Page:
Sun partner and systems integrator, Frontline Systems, is building out an Oracle practice to take advantage of the Oracle/Sun merger.
Frontline general manager, Bill Frangeskakis, said it started with three employees earlier this year focused specifically on Oracle’s database and middleware offerings, but had already grown to eight staff across Sydney and Melbourne.
The plan was to expand capabilities to the integrator’s other offices in Canberra and Adelaide.
“The acquisition of Sun by Oracle opens up opportunities for us to sell hardware and associated Oracle software,” he said. “The second reason was that through market reports, we identified business intelligence as a key issue on the minds of CIOs. We’ve experienced that ourselves and have had a few BI engagements in our customer base.
“We need to get our database business going, but we’re specifically looking at Oracle because of its position in the market and our legacy Sun customer base.”
Frangeskakis declined to disclose specific growth or revenue forecasts in its first year.
Information on how Oracle plans to integrate the Sun channel into the Oracle PartnerNetwork has been slow to market, but the vendor revealed new specialisations covering a range of Sun technologies last week. These encompass SPARC enterprise and mid-range servers, StorageTek tape libraries, unified storage systems and Oracle Solaris.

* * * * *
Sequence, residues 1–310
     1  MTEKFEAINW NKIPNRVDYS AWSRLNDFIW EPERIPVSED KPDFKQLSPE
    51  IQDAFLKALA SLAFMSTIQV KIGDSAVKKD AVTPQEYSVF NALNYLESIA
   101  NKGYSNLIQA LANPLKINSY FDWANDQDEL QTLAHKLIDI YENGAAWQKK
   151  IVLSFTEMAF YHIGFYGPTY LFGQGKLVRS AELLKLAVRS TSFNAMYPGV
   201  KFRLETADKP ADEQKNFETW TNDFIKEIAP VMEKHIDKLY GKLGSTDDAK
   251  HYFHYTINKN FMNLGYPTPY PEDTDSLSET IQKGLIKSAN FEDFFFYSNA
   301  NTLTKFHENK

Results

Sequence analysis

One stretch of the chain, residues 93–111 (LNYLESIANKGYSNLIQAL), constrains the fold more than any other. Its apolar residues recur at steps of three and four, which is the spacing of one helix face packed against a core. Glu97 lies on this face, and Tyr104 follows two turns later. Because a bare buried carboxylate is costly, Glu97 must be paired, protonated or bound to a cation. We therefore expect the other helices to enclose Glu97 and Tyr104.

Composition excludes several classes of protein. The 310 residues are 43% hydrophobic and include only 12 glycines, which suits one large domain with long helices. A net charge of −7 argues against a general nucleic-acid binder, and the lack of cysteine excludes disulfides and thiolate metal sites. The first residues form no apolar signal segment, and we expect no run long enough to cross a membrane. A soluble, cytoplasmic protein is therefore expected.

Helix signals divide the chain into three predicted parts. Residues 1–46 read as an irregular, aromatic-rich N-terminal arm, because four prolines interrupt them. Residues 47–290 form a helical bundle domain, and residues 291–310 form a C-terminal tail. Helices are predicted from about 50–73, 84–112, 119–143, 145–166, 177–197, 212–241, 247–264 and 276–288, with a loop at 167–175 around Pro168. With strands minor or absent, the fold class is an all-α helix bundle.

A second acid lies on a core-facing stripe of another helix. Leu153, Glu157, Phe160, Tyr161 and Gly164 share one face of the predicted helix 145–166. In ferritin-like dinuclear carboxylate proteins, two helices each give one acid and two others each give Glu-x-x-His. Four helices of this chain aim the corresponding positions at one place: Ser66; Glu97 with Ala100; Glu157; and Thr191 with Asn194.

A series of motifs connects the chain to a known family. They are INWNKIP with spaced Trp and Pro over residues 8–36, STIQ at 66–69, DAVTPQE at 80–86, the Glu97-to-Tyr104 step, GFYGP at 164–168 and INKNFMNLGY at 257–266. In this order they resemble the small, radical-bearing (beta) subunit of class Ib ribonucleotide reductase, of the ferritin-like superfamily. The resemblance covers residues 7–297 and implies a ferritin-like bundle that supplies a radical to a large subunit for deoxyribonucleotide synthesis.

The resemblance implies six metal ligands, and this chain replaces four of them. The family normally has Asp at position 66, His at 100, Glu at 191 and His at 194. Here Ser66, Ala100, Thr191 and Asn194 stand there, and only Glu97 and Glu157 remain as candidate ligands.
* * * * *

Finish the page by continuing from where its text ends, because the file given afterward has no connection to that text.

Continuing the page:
The Sun-based offerings were among 35 new specialisations available globally. An Oracle spokesperson confirmed all will be available in Australia. According to the vendor, training programs for partners under the Oracle PartnerNetwork were designed to fast-track their business to ensure they could have solutions up and running quickly.
Frangeskakis said Frontline was waiting on further information about the specialisations and how its top-tier Sun status would translate into the Oracle PartnerNetwork structure, but he expressed a willingness to continue investing.
“It’s too important for us not to,” he said.
Frontline’s customer base consists of financial services and telco companies as well as a broad cross-section of Australia’s enterprise community including Foster’s, Amcor and TabCorp.
Frangeskakis also dismissed concerns about Oracle’s well-publicised intentions to take Sun’s top 5000 global customers direct.
“Oracle wants a direct engagement with the top clients, but that doesn’t preclude us engaging in those accounts, as long as we add value,” he claimed.
“We don’t just ride off the coat tails of vendors – we add our own value, whether that’s in services, agility, speed of logistics or procurement. This planned engagement has not been a roadblock to use operating in those direct accounts as Oracle calls them.
“With any major acquisition, there are always going to be hurdles you come across, but we’re working through those with Oracle with the end objective of growing our business.”